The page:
While having your romantic partner also be your creative partner sometimes puts stress on one or both relationships, it seems to have had the opposite effect in Muenchen’s and Gough’s case. They got engaged a year ago and are planning to get married next year.
Space Age Love Songs
Standing on a street corner in Over-the-Rhine and trying to locate the studios of Inhailer — a music and community broadcastplatform where I’m to interview Muenchen and Gough— I spot them immediately as they walk up the sidewalk on the other side of Sycamore Street. Though we’ve not met before, I’ve seen them perform and they’re a striking pair. Gough is tall, at least 6-foot-3, while Muenchen is petite. I’ve also seen recent Moonbeau promo photos, and though they’re not in full stage outfits — which can sometimes be ’80s-inspired to the extreme, like the angular, colorful graphics on the suit Gough wore for their 2017 Cincinnati Entertainment Awards performance — he is sporting ’80s-cut jeans that just might be acid washed and his sandy blonde hair is chiseled into a New Wave mullet. (While Muenchen also favors ’80s fashion, today she’s in business casual after cutting out of work early for our interview.)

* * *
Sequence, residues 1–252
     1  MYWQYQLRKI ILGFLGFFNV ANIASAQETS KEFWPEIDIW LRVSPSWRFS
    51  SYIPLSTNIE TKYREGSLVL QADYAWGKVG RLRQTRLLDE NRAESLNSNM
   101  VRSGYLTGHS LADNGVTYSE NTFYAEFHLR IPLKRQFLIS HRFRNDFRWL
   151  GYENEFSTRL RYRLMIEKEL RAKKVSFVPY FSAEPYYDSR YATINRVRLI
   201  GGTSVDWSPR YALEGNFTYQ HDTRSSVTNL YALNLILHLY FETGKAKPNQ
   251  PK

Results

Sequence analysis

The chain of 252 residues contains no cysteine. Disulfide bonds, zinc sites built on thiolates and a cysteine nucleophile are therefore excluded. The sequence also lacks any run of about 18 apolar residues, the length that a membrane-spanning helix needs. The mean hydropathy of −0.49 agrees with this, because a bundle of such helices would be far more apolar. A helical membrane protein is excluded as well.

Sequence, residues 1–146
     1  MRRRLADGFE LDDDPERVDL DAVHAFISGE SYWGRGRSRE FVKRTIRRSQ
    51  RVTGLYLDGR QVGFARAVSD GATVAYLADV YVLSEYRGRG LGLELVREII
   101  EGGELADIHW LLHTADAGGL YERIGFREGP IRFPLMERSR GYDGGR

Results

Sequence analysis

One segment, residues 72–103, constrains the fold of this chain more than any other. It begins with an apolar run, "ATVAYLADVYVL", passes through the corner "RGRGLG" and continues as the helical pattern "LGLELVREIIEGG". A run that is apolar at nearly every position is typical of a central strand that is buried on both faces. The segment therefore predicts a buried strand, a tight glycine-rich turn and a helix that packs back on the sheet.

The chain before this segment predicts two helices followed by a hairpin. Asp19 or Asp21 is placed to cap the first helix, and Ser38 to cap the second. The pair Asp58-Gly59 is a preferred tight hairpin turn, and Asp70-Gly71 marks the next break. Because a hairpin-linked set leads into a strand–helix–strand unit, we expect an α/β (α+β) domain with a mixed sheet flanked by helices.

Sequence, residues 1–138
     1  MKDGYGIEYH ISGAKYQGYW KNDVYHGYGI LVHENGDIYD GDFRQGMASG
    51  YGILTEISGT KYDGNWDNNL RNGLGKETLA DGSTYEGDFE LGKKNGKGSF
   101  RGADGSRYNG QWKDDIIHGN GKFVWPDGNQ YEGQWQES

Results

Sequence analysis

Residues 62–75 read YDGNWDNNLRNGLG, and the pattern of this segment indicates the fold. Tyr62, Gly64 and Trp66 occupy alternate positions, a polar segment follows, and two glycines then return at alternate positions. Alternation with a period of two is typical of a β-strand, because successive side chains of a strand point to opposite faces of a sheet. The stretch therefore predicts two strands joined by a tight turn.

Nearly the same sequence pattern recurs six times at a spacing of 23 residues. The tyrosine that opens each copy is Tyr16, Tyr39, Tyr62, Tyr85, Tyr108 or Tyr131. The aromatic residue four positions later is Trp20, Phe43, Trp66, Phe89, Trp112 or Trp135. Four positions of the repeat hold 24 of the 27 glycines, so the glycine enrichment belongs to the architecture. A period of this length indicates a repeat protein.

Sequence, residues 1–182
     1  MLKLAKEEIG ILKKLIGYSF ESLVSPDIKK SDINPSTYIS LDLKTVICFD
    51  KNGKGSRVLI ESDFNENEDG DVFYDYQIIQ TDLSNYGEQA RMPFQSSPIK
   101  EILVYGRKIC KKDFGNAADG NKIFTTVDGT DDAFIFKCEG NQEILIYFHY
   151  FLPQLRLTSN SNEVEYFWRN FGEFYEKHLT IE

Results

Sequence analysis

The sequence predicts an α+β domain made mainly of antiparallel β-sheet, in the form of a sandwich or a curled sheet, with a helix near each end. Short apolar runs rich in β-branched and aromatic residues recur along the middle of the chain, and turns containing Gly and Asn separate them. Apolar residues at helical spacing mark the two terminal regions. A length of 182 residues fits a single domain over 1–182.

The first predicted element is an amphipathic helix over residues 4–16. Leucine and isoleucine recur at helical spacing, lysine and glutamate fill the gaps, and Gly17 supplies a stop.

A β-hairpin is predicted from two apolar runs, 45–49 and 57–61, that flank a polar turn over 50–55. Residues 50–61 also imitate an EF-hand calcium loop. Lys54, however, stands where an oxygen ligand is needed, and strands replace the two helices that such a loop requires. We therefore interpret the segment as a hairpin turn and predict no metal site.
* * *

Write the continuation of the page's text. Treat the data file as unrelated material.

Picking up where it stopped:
Being aware of their relationship status, the other giveaway was that they were the only two people gleefully holding hands while walking down the street during an exceptionally sweltering mid-afternoon heatwave.
Once inside and into our conservation, their dynamic remains that of a young couple deeply close and still in the twilight of their love (they’ve been dating for three years), which is befitting given the passionate and romantic aura evident in Moonbeau’s music. Having the band to bond over seems to be a part of their closeness. Gough is the primary artistic engine behind the band, having written and constructed all of the backing tracks for the songs, but Muenchen handles a lot of the non-musical activities that keep the project together and moving forward.
Both complement each other — during our chat, they share knowing smiles when talking about an upcoming, unannounced show and the split personalities that go into writing songs for Moonbeau and for The Yugos. When Gough starts talking about how he’s anxious to perform his newer material for people but can’t because Moonbeau’s debut album (completed two years ago) is just now being released and they have to play those songs to support it, Muenchen gently steers him back to the practicality of the situation. “You have spent a lot of time with (the new album’s) songs,” she says, “and others have not.”
“It helps to be engaged, to be in a relationship, and be in the band, because we both know how much we want what we’re trying to do,” Gough says. “We just talk about everything.”